I was playing BF3 last night on max settings and the card in slot 1 reached 98C, while slot 2 only reached 62C. I guess it's normal for slot 1 to bear the brunt of the load but is it normal for such a huge difference in temps? Given my board, there's no space between the cards, so it's understandable that slot 1 (it's fans are up against the other card) will get hotter. Asus claims these cards are 2.5 slots wide but they're actually 3. All other slots on my board are covered by these two beasts.
Also, I've installed the optional 120mm fan housing that comes with the HAF X but I don't think I could fit in anything else, such as water cooling.
And the cpu fan was going ballistic too, up to about 1200 rpm (normally tops out at about 900 rpm). The cpu itself reached 59C. For comparison, with a single GTX480 on BF3 the cpu wouldn't exceed 52C and the card 82C.
My rig is:
Coolermaster HAF X
Coolermaster silent pro gold 1000W (modular)
i7-2600k @ 3.4GHz
Arctic Cooler Pro 13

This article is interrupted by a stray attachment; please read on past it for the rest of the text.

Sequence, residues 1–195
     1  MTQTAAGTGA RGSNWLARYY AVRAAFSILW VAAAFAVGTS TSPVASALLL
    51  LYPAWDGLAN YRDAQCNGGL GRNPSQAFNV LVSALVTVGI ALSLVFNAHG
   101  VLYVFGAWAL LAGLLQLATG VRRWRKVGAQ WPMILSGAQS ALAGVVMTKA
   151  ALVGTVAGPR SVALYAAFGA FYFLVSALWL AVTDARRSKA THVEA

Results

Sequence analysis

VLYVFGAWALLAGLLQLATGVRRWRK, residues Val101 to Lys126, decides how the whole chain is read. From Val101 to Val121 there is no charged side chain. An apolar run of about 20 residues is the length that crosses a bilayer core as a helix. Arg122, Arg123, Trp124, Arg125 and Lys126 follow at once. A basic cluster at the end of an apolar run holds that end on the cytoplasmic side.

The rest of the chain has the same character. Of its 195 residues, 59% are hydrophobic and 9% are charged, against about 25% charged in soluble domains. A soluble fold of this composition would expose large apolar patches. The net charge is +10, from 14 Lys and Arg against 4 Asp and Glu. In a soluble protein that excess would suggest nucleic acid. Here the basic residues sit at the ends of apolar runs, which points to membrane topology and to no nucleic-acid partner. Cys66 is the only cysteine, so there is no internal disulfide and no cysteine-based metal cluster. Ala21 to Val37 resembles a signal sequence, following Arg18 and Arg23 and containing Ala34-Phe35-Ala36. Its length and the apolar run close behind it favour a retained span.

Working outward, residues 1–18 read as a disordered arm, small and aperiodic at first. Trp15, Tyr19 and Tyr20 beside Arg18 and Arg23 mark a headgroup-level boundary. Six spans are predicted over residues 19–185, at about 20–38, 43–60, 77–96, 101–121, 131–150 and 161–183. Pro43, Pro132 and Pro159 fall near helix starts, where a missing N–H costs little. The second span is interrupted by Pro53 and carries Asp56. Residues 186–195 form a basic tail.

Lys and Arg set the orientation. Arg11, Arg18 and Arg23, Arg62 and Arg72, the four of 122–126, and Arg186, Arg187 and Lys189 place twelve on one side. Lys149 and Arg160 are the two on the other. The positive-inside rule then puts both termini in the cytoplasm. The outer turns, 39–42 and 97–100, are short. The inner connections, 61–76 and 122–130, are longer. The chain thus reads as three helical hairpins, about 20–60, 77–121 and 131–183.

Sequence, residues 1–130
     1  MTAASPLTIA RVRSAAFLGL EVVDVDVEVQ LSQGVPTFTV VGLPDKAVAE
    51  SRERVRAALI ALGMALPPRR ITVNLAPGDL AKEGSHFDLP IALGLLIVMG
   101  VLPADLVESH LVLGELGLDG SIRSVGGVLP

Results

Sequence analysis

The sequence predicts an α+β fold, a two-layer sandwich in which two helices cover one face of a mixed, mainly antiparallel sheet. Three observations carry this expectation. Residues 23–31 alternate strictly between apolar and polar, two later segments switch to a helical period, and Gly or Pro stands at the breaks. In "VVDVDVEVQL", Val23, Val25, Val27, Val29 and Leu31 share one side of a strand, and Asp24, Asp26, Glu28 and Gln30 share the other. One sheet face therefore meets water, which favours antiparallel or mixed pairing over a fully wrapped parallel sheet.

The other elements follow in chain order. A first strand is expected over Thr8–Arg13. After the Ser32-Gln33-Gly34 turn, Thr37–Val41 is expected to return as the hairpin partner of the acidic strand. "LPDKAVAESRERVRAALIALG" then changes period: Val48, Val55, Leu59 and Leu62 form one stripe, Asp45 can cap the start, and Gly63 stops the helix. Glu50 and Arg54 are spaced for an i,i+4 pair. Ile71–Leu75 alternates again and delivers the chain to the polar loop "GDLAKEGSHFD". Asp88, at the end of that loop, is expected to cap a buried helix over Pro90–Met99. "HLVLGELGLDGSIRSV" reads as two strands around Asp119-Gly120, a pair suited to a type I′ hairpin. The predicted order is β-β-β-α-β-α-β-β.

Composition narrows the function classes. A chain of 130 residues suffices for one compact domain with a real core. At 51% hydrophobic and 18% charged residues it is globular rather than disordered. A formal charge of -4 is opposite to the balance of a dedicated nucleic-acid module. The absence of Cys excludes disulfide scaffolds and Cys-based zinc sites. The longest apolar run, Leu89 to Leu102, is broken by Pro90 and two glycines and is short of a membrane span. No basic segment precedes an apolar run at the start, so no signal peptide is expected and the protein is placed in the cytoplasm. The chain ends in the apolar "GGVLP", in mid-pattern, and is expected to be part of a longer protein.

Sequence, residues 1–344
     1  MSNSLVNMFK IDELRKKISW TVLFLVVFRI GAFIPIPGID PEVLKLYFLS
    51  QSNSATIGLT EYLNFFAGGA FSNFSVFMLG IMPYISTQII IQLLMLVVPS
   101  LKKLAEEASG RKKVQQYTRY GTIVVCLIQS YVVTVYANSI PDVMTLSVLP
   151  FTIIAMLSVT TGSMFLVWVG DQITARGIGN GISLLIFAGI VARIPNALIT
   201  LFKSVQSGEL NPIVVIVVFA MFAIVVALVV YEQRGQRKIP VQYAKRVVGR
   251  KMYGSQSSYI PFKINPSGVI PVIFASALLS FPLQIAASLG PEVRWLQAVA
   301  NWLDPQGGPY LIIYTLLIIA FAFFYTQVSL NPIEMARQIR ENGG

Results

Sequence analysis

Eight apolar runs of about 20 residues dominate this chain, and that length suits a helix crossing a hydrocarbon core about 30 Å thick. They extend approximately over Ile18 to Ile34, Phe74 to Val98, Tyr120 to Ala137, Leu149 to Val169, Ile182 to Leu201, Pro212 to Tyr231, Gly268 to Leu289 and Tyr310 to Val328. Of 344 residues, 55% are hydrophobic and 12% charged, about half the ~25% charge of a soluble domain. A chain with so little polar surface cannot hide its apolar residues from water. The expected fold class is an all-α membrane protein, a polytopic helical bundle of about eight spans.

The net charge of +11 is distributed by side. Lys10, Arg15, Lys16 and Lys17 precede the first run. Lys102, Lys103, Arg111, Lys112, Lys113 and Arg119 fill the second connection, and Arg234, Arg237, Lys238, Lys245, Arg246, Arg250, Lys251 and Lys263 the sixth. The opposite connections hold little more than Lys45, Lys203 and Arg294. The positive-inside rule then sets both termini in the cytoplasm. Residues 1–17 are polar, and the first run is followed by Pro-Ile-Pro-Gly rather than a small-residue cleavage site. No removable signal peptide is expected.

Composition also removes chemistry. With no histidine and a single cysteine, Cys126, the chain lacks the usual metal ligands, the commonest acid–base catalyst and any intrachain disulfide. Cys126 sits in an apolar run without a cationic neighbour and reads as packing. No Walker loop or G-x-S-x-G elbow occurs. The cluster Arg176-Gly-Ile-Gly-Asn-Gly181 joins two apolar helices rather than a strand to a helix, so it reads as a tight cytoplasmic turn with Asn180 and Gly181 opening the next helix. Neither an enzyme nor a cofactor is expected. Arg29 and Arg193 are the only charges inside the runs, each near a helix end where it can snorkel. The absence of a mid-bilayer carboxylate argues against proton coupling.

8GB Corsair Vengeance CL8
OCZ Vertex 3 Max IOPS 120GB SSD (system)
WD 450GB Velociraptor
2 x Asus GTX580 (@782 MHz) SLI
I think I read somewhere that the cards are rated to 105C but can't find it now.
Take the side cover off while you are gaming and you will see a big drop in temps , all I can suggest is to put some side fans to help the hot air escape. They really do make a difference with multi gpus like yours.
The gpu fan speed is normally around 1,200rpm but goes up to 3,400 under load. It's very responsive.
The HAF X case has great airflow and the big side fan draws cool air in right onto the cards. The real problem is that the cards are touching, so the 2 gpu fans on the hot card are wedged up against the back plate of the second card.
I thought I'd try wedging something in between the cards to gently separate them. Hard plastic - like a thin toothbrush - will withstand 62C. Does that sound innovative or dumb? Otherwise I'd have to somehow pump in freezing air.